by Ambar Warrick
Investing.com – Most of the Asian stock markets fell further on Monday as traders exited risk-driven assets on fears that higher interest rates and rising inflation could trigger a global economic recession.
Stocks in South Korea, Japan and Taiwan were the hardest hit, falling between 2% and 3%, extending losses last week.
The Indian company’s index fell 1.6% to its lowest level in one month, while the Hong Kong index fell 1.1% to its lowest level in 11 years.
Regional stocks broadly tracked a sharp sell-off on Wall Street last week, led by hawkish signals from the Federal Reserve and after a streak of weak data and business activity.
Interest rates were also raised, and he warned that the British economy could already be in a recession.
The price climbed to a 20-year high, while also rallying, indicating that market sentiment was broadly risk-free. Stocks and high-yield, high-risk currencies saw sharp declines on Monday.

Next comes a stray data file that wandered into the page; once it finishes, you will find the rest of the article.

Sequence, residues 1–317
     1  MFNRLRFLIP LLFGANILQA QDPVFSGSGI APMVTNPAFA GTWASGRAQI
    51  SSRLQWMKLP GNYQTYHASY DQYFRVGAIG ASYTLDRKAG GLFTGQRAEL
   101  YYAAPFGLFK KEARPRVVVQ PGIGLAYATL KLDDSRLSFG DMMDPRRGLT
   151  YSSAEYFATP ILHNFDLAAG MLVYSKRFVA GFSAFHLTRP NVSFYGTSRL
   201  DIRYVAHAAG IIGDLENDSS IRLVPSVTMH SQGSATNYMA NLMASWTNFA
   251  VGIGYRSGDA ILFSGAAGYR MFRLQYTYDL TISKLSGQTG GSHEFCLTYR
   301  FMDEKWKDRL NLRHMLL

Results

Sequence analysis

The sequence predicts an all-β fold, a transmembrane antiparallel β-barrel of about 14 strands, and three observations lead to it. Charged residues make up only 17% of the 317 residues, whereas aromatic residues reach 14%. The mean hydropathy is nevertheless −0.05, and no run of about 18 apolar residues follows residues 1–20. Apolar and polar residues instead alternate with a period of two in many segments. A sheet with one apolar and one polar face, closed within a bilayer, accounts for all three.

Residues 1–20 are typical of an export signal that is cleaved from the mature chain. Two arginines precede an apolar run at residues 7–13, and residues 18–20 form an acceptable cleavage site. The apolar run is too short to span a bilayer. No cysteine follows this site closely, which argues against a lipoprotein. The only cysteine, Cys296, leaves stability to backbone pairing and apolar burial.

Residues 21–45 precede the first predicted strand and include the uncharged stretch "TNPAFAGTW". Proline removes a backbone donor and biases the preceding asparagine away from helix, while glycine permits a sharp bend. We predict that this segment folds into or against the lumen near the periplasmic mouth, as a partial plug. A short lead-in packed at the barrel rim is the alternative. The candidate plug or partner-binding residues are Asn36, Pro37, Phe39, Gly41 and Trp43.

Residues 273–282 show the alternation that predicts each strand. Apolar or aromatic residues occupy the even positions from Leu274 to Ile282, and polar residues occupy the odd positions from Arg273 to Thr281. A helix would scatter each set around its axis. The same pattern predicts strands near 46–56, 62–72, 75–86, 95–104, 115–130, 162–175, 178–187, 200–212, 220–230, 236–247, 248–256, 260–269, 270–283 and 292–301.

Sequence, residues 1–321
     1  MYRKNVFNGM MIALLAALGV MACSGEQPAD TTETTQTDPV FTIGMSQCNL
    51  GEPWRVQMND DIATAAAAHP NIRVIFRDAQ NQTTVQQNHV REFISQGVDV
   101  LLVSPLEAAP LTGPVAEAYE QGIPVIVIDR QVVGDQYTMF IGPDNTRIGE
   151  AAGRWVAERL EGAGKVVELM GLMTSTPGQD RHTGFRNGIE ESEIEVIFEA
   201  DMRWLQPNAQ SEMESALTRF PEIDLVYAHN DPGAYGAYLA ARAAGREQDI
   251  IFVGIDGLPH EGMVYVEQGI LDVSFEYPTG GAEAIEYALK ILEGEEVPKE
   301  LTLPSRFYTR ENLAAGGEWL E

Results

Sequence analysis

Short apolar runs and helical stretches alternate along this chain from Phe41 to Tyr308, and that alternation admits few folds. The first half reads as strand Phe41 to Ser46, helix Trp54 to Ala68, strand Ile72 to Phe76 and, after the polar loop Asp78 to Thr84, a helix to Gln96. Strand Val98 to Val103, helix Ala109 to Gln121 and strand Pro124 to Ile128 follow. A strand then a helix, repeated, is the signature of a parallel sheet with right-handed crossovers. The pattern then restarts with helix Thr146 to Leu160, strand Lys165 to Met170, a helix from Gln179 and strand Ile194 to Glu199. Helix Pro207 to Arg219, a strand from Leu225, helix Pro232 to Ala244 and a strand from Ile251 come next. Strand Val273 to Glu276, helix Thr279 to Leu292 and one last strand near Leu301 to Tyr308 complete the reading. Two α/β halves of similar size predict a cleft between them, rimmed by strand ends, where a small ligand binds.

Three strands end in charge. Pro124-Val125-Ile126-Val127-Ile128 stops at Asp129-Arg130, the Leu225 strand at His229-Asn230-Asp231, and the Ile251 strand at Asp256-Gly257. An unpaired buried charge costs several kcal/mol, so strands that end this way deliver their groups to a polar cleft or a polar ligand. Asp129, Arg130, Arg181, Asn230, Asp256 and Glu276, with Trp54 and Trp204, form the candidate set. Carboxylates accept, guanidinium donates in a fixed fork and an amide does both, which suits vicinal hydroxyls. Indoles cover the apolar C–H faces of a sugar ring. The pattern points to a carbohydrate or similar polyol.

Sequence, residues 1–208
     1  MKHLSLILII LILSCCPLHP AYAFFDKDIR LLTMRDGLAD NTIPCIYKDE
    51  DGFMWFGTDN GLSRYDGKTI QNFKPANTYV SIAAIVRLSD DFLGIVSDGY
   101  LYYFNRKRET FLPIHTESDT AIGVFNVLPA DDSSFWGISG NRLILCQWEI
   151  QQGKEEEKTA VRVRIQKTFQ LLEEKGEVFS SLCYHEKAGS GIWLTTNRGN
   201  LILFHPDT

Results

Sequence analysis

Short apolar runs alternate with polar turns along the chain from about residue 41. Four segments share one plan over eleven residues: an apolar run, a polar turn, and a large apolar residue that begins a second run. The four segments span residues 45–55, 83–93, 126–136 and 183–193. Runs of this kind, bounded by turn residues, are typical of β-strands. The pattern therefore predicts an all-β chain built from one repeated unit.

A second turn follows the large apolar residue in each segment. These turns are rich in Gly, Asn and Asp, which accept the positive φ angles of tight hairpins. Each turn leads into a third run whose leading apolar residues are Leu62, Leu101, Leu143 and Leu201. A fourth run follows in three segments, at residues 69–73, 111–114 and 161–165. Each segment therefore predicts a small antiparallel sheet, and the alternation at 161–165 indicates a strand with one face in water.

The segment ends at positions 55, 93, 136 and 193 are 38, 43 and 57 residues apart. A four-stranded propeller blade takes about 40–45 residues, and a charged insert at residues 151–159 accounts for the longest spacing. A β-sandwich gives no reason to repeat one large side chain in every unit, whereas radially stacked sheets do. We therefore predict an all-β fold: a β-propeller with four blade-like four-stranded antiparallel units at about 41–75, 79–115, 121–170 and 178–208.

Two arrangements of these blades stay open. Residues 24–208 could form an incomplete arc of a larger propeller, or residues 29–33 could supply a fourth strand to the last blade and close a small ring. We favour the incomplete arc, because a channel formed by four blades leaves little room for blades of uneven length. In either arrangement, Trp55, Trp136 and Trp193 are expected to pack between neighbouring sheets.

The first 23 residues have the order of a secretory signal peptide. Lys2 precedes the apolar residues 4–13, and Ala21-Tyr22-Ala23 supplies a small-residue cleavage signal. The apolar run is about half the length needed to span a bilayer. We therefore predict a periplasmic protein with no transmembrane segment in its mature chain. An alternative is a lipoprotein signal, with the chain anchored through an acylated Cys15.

Concerns about slowing growth in Asia also persisted. The Chinese government for financial institutions to stop the yuan’s decline, making selling the currency more expensive for traders.
The Chinese company’s index fell 0.5%, while the index lost 1.2%. Both indices traded at their lowest levels in more than five months.
Japan’s index fell 2.7%, as data showed slight growth in September. However, the outlook for the Japanese economy remained under pressure from rising inflation and a weak yen.
Japan also grew at the slowest pace in nearly two years.
Thailand was the worst performer in Southeast Asia, down 0.9%.
Asian stocks have fallen in value this year as fears of an impending recession have shifted capital away from risk-driven assets. Tight monetary conditions, triggered by a series of interest rate increases in the region, also weighed on stock markets.